SKA seeking more help with legal expenses

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By Rachel Brown Hackney

The vice president of the Siesta Key Association (SKA) told members at the April 6 meeting that the organization expects to need another $80,000 to $100,000 as it pursues two types of legal challenges in the effort to prevent the dredging of Big Sarasota Pass to renourish South Lido Key Beach.

Before the organization’s meeting had ended, one Siesta property owner had offered to match a $1,000 contribution from any other attendee.

Earlier this year, Vice President Catherine Luckner reminded the approximately 80 people in the audience, the board members established a separate entity to which the public can make donations. The Siesta Key Environmental Defense Fund is a 501(c)(3) nonprofit, she added, so any contribution to it is tax-deductible. People may donate to it through the SKA’s website, President Harold Ashby noted.

The SKA not only has filed a complaint against the City of Sarasota in the 12th Judicial Circuit Court in an effort to prevent removal of about 1.2 million cubic yards of sand from Big Pass, Luckner explained, but it also stands firm in opposing the decision of the Florida Department of Environmental Protection (FDEP) to issue a permit to the city and the U.S. Army Corps of Engineers (USACE) for the renourishment project.

A Florida administrative law judge’s ruling in late March will make it necessary for the SKA and two other petitioners — Save Our Siesta Sand 2 (SOSS2) and the Florida Wildlife Federation — to prepare for a hearing in late August on the challenge to FDEP’s Dec. 22, 2016 Notice of Intent to issue the permit, Luckner said. The SKA board had sought an abeyance of that proceeding until after the Circuit Court matter was settled, she continued, because a favorable decision in court might make the administrative hearing unnecessary. “We wanted time to focus on [the court case] first,” she said.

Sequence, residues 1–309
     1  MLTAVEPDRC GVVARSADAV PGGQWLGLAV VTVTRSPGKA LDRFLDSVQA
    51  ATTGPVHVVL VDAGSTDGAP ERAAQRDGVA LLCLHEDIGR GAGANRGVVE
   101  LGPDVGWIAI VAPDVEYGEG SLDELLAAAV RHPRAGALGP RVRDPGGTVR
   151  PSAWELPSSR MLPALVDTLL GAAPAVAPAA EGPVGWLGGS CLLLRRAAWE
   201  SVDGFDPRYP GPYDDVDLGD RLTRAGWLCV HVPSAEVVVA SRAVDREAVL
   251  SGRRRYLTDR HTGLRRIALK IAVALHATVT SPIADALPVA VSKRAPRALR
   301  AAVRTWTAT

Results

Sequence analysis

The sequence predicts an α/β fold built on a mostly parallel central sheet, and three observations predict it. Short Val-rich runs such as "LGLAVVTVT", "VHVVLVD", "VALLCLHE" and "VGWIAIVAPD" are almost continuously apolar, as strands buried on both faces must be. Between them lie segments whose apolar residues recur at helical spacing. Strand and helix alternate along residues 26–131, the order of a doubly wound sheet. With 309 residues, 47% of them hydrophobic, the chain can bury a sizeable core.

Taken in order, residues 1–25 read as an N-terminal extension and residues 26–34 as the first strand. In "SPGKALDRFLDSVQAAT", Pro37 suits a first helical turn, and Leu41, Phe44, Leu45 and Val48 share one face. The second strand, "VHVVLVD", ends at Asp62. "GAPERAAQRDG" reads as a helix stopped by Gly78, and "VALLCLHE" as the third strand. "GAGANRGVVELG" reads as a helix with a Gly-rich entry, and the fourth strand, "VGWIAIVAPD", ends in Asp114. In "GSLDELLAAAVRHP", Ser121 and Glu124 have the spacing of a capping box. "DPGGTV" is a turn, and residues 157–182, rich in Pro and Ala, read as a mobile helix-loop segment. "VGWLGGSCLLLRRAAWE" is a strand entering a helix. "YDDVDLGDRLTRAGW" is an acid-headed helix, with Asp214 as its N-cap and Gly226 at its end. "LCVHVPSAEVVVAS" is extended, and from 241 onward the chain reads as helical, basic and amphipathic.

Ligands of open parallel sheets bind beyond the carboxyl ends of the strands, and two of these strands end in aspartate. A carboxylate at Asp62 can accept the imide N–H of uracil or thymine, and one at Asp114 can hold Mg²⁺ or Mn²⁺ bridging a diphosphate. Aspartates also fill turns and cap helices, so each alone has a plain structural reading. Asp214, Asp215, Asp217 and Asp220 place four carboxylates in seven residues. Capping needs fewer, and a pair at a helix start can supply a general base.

However, the administrative law judge ruled against the SKA.

“It does seem like about a year has gone by in the last, oh, 45 days,” she told the audience, adding, “We’re getting a lot of pushback from the City of Sarasota.”

Yet, Luckner continued, “I don’t think the Lido residents really understood that they weren’t going to get a renourishment … project this year.”

That is because of a lack of federal funding thus far for the initiative, as well as a U.S. Fish and Wildlife Service Biological Opinion — issued in late December — that prohibits the construction of the two planned groins on South Lido while sea turtle nesting season is underway. Turtles typically lay eggs on county beaches between May 1 and Oct. 31. Therefore, the U.S. Fish and Wildlife Service has ordered that work can take place on Lido Beach during the day and night only between Nov. 11 and April 30.

In regard to the funding: The USACE has requested that $11,780,000 for the project be included in the federal budget this year, Susan J. Jackson, a USACE spokeswoman at the agency’s Jacksonville District Office, told SNL. Jackson said it probably would be mid-May before the USACE knows whether it will receive the money.

The rest of the funding for the Lido project is expected to be in the form of a $3,610,000 FDEP grant and $3,610,000 in Sarasota County Tourist Development Tax revenue set aside for city renourishment projects, the current city budget says.